|Biographical detail : ||India’s prominent educational and political activist
An ardent activist in the educational development and political processes of India’s Muslims, Nawab Viqar Ul Mulk got involved in the nascent movement of the Aligarh Muslim University.
Respected by the students at large, he became an honorary secretary of Aligarh College, in 1907, after the death of Mohsin-ul-Mulk. He had sharp differences with the European staff of Aligarh College despite Sir Syed and Mohsin-ul-Mulk who believed in Anglo Muslim alliance.
Viqar Ul Mulk had strong religious bent of mind and did not wish the students to grow up without a full share of religious training. He made it clear that those who did not say their prayers were liable to be turned out of the College. This pleased the Ulemas who were opposed to English education (like Maulana Ashraf Ali Thanwi). They now supported the College and like Maulana Abdul Bari of Firangi Mahal chose the Aligarh College for education of their own children.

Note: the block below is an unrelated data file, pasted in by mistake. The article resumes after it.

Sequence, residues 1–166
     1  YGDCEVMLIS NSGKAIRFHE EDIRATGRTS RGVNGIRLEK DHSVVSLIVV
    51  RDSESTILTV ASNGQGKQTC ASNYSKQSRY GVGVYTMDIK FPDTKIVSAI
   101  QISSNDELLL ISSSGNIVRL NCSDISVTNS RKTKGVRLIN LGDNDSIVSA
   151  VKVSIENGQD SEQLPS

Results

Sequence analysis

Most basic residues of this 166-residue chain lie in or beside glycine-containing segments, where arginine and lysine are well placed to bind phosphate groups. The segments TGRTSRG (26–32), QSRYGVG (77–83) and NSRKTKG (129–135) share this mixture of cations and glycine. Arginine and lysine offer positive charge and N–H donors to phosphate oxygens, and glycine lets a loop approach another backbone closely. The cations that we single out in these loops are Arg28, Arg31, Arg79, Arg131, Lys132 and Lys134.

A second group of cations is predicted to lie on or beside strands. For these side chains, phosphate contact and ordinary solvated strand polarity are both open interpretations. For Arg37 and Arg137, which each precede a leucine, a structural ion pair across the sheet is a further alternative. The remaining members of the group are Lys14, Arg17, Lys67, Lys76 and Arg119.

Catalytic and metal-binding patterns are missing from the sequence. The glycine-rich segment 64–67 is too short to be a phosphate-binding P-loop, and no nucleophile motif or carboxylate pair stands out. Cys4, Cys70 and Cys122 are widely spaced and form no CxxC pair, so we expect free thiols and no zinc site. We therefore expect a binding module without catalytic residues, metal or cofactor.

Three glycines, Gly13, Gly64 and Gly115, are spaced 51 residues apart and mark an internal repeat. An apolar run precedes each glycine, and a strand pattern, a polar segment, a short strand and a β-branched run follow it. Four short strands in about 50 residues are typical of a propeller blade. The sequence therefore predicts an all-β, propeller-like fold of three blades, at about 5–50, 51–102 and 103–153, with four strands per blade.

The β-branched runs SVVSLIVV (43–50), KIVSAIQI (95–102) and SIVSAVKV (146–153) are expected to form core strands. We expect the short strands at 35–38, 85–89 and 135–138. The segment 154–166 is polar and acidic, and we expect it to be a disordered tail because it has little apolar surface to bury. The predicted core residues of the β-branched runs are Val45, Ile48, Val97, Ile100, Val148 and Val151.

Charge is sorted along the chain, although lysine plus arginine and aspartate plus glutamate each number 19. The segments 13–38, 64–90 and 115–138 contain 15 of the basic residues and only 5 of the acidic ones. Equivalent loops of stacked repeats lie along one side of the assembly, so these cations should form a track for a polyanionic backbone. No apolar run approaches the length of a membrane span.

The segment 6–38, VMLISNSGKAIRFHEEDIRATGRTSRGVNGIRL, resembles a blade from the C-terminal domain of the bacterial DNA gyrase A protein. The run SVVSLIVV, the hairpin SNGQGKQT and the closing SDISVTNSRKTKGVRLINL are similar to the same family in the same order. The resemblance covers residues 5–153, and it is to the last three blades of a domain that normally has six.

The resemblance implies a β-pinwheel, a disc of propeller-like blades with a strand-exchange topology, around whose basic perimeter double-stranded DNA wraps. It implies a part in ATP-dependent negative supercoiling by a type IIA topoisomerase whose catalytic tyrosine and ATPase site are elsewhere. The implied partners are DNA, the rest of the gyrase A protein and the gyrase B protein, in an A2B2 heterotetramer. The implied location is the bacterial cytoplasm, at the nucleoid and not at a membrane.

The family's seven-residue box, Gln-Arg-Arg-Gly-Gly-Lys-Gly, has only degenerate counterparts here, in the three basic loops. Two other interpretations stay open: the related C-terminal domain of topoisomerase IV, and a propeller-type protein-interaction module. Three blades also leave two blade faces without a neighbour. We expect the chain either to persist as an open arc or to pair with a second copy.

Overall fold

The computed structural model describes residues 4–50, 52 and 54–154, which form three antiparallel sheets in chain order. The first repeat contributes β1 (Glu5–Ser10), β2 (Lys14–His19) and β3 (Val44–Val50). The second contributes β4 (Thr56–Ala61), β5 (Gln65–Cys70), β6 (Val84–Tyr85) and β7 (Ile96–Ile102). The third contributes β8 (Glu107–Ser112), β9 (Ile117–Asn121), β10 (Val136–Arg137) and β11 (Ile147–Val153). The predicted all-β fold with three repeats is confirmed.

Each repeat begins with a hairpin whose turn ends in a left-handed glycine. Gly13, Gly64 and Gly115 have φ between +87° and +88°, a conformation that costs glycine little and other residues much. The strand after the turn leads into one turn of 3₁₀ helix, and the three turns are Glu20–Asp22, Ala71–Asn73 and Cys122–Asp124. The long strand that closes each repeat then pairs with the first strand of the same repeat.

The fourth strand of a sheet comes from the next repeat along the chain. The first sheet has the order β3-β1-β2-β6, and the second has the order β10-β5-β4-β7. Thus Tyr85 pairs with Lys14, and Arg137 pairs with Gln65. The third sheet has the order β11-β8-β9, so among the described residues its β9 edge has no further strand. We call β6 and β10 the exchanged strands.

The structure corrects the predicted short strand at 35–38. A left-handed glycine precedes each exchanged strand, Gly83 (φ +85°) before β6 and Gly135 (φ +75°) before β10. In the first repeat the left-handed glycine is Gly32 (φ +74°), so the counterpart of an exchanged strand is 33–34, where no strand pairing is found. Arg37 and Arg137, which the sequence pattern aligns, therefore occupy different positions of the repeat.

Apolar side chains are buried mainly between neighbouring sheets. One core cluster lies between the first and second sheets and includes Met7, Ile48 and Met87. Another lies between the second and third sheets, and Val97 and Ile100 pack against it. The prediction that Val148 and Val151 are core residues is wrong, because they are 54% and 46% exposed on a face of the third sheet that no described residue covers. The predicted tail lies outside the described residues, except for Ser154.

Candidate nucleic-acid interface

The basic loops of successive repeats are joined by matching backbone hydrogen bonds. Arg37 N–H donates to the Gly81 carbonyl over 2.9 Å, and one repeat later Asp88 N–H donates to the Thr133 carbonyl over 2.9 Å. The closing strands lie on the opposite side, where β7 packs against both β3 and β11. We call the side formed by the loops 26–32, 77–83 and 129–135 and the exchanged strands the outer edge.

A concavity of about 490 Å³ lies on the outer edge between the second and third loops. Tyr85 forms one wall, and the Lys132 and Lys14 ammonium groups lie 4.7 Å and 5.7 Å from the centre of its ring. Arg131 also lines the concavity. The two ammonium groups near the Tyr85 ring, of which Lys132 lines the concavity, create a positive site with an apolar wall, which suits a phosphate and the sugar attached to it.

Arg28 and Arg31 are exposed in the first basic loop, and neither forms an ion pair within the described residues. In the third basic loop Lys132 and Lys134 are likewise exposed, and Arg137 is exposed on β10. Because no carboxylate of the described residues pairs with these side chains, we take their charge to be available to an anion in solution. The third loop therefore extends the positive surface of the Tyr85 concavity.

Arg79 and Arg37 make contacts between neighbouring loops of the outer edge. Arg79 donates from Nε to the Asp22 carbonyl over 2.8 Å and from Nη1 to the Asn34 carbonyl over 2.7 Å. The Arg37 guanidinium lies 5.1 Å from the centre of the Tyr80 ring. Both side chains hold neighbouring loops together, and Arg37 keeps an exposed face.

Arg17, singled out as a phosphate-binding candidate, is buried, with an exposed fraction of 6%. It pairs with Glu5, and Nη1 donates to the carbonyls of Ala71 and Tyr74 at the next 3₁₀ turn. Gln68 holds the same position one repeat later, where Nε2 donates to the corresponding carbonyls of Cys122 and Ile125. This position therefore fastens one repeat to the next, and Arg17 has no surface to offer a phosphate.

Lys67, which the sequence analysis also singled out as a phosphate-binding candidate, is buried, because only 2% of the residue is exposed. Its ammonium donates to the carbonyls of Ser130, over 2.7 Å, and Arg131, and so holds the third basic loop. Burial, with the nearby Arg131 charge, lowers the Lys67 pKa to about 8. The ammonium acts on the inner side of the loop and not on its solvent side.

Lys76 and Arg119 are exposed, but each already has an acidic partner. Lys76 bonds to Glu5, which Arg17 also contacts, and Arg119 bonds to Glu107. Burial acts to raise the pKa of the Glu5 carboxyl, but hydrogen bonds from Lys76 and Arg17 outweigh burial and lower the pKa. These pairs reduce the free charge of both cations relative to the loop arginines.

As a member of the delegation, headed by Agha Khan, in 1906, Nawab Viqar Ul Mulk presented a letter, on behalf of Indian Muslims, concerning ‘Muslim Representation’ to Lord Minto, India’s Governor General, for the ‘Reforms’.
Viqar Ul Mulk was one of the founding fathers’ of All India Muslim League, established on 30 December 1906, and had drafted its constitution along with Muhsin-ul-Mulk. He became the first secretary of the newly established political party.
Born Mushtaque Hussain in Meerut (UP), in a family of modest means, he served the state of Hyderabad, a princely state of British India, from 1875 to 1892, where he was given the title of Nawab Viqar Ul Mulk.